# Eggy's question at Yahoo Answers regarding optimization with constraint

• MHB
• MarkFL
In summary: Smile)In summary, the problem involves finding the height and radius of a cone-shaped paper drinking cup that holds 10ml of water with the least amount of paper. Using Lagrange multipliers, we can derive equations and solve for the optimal values of height and radius. Alternatively, we can also use differentiation and substitution to find the optimal values. The result is that the optimal height and radius are both equal to the cubic root of 6V/pi where V is the volume of water in ml.
MarkFL
Gold Member
MHB
Here is the question:

Calculus Max Min problem help?

A cone-shaped paper drinking cup is to hold 10ml of water. What is height and radius of the cup that will require the least amount of paper?

Here is a link to the question:

Calculus Max Min problem help? - Yahoo! Answers

I have posted a link there to this topic so the OP can find my response.

Hello Eggy,

Using Lagrange multipliers, we have the objective function (using the formula for the lateral surface area of a cone):

$$\displaystyle f(h,r)=\pi r\sqrt{r^2+h^2}$$

subject to the constraint on the volume in ml:

$$\displaystyle g(h,r)=\frac{\pi}{3}hr^2-V=0$$

We have used the constant $V$ rather than the given value as we can just plug this in at the end of the problem.

Hence, we obtain the system:

$$\displaystyle \pi r\frac{h}{\sqrt{r^2+h^2}}=\lambda\left(\frac{\pi r^2}{3} \right)$$

$$\displaystyle \pi\left(r\frac{r}{\sqrt{r^2+h^2}}+\sqrt{r^2+h^2} \right)=\lambda\left(\frac{2\pi hr}{3} \right)$$

This system may be simplified to:

$$\displaystyle \frac{h}{\sqrt{r^2+h^2}}=\lambda\left(\frac{r}{3} \right)$$

$$\displaystyle \frac{2r^2+h^2}{\sqrt{r^2+h^2}}=\lambda\left(\frac{2hr}{3} \right)$$

Solving both equation for $\lambda$ and equating, we obtain:

$$\displaystyle \lambda=\frac{3h}{r\sqrt{r^2+h^2}}=\frac{3(2r^2+h^2)}{2hr\sqrt{r^2+r^2}}$$

This implies:

$$\displaystyle h^2=2r^2$$

Substituting into the constraint for $r^2$, we find:

$$\displaystyle \frac{\pi}{3}h\left(\frac{h^2}{2} \right)-V=0$$

Solving for $h$ we obtain:

$$\displaystyle h=\sqrt[3]{\frac{6V}{\pi}}$$

and so:

$$\displaystyle r=\frac{h}{\sqrt{2}}=\frac{\sqrt[3]{\frac{6V}{\pi}}}{\sqrt{2}}$$

Now, since $$\displaystyle V=10\text{ mL}$$, and $$\displaystyle 1\text{ mL}=1\text{ cm}^3$$, we find that $r$ and $h$ in cm are:

$$\displaystyle h=\sqrt[3]{\frac{60}{\pi}}$$

$$\displaystyle r=\frac{\sqrt[3]{\frac{60}{\pi}}}{\sqrt{2}}$$

To Eggy and any other guests viewing this topic, I invite and encourage you to post other optimization problems in our http://www.mathhelpboards.com/f10/ forum.

Best Regards,

Mark.

Well, since I don't know about Lagrange Multipliers, this is how I would have done it:

$$A=\pi r\sqrt{r^2+h^2}$$

$$V=\dfrac{\pi}{3}hr^2$$

Keeping in mind that V is a constant (in this case 10).

Since we're minimizing the area, we need to differentiate A, but having r and h as variables, we need to use the expression for V to get h in terms or r, or r in terms of h. I'm going with h in terms of r.

$$V=\dfrac{\pi}{3}hr^2$$

$$h = \dfrac{3V}{\pi r^2}$$

Substituting in the area expression:

$$A=\pi r\sqrt{r^2+\dfrac{9V^2}{\pi^2 r^4}}$$

Or we could write it like this:

$$A=\sqrt{\pi^2r^2\left(r^2+\dfrac{9V^2}{\pi^2 r^4}\right)}$$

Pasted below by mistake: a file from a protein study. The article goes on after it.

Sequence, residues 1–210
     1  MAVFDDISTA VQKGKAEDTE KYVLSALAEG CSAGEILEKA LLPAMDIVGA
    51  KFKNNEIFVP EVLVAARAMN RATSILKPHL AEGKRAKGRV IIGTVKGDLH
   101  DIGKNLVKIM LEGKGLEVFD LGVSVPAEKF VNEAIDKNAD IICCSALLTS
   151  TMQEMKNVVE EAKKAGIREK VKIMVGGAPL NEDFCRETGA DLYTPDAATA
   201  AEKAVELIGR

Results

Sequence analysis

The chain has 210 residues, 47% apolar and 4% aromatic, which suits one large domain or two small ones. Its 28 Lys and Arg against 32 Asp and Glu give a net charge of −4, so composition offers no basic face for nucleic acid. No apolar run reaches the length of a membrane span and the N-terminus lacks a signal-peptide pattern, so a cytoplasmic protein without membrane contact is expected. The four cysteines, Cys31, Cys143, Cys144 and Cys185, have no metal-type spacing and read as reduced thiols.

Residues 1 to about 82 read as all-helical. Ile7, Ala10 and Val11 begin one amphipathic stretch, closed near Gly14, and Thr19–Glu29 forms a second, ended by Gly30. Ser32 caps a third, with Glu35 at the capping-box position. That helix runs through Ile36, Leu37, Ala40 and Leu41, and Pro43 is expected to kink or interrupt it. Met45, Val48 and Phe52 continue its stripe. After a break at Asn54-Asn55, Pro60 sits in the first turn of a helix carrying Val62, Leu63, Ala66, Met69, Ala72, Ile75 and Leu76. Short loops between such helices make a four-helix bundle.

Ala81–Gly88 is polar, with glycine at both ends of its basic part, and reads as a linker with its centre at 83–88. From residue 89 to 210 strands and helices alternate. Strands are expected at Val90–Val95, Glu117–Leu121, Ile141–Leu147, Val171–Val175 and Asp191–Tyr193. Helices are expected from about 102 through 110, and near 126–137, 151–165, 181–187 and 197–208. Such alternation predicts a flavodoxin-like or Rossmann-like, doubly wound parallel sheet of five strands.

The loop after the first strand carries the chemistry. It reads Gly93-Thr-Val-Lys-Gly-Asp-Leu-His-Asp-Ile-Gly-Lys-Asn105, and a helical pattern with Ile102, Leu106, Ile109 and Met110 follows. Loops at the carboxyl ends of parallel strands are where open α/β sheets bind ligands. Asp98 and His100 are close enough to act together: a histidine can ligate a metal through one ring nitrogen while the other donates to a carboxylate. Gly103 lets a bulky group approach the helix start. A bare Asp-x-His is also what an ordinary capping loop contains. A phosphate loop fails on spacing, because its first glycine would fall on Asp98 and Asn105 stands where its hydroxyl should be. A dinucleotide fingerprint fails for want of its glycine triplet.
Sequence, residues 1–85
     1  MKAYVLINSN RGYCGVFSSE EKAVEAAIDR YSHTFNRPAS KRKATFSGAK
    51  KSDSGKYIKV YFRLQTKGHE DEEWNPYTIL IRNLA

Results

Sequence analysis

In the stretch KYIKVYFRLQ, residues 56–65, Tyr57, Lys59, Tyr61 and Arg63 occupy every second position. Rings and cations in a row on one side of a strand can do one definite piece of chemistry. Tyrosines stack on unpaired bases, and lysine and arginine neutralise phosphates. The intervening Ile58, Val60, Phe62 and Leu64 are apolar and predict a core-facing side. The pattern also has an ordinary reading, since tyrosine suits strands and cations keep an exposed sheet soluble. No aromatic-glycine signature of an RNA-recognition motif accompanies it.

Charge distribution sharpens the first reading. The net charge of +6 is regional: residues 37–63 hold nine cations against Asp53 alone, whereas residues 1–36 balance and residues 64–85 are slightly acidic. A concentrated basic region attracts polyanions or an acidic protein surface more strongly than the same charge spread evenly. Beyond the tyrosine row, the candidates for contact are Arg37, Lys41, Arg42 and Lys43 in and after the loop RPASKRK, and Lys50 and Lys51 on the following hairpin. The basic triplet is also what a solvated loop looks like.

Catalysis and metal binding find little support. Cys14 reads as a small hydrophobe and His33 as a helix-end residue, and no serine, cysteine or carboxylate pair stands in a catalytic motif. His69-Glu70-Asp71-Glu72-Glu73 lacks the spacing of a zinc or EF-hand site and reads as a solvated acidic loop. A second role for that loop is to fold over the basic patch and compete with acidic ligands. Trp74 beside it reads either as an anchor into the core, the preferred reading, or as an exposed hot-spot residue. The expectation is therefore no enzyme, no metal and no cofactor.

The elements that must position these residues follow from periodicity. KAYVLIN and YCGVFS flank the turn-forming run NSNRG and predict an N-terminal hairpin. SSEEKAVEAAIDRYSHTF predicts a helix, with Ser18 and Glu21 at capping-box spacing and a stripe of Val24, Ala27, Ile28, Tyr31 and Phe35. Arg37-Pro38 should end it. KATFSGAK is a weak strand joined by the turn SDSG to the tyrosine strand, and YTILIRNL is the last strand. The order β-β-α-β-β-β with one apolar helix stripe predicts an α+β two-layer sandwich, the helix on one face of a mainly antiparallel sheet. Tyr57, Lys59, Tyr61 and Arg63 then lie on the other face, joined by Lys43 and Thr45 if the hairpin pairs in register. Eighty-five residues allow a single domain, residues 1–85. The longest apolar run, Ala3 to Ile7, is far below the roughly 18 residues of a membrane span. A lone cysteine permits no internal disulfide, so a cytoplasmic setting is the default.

$$A=\sqrt{\pi^2r^4 + \dfrac{9V^2}{r^2}}$$

Differentiate and set to zero for optimum:

$$A'=\dfrac12 \left(\pi^2r^4 + \dfrac{9V^2}{r^2}\right)^{-0.5} \cdot \left(4\pi^2r^3 - \dfrac{18V^2}{r^3}\right) = 0$$

$$\dfrac{\left(2\pi^2r^3 - \dfrac{9V^2}{r^3}\right)}{\sqrt{\pi^2r^4 + \dfrac{9V^2}{r^2}}}=0$$

$$2\pi^2r^3 - \dfrac{9V^2}{r^3} = 0$$

$$r = \sqrt[3]{\dfrac{3V}{\sqrt{2}\pi}}$$

The height is then:

$$h = \dfrac{3V}{\pi \left(\sqrt[3]{\dfrac{3V}{\sqrt{2}\pi}}\right)^2}$$

Simplified to:

$$h = \sqrt[3]{\dfrac{6V}{\pi}}$$

Which are both the same as what Mark obtained. (Happy)

My method just maybe is a little longer/tedious because of many simplifications involved, but that's using the tools I know.

## What is optimization with constraint?

Optimization with constraint is a mathematical process that involves finding the best possible solution for a problem while adhering to certain limitations or restrictions.

## What are some common examples of optimization with constraint?

Some common examples of optimization with constraint include maximizing profits while minimizing costs, finding the shortest route for a delivery while considering traffic and time constraints, and maximizing efficiency in resource allocation.

## How is optimization with constraint different from regular optimization?

Regular optimization involves finding the best solution for a problem without any limitations or restrictions. Optimization with constraint, on the other hand, takes into account the constraints and finds the best possible solution within those constraints.

## What are the steps involved in optimization with constraint?

The steps involved in optimization with constraint typically include defining the problem, identifying the constraints, formulating a mathematical model, solving the model using appropriate techniques, and interpreting the results to make decisions.

## What are some common techniques used for optimization with constraint?

Some common techniques used for optimization with constraint include linear programming, dynamic programming, and heuristic algorithms. The choice of technique depends on the problem at hand and the available resources.

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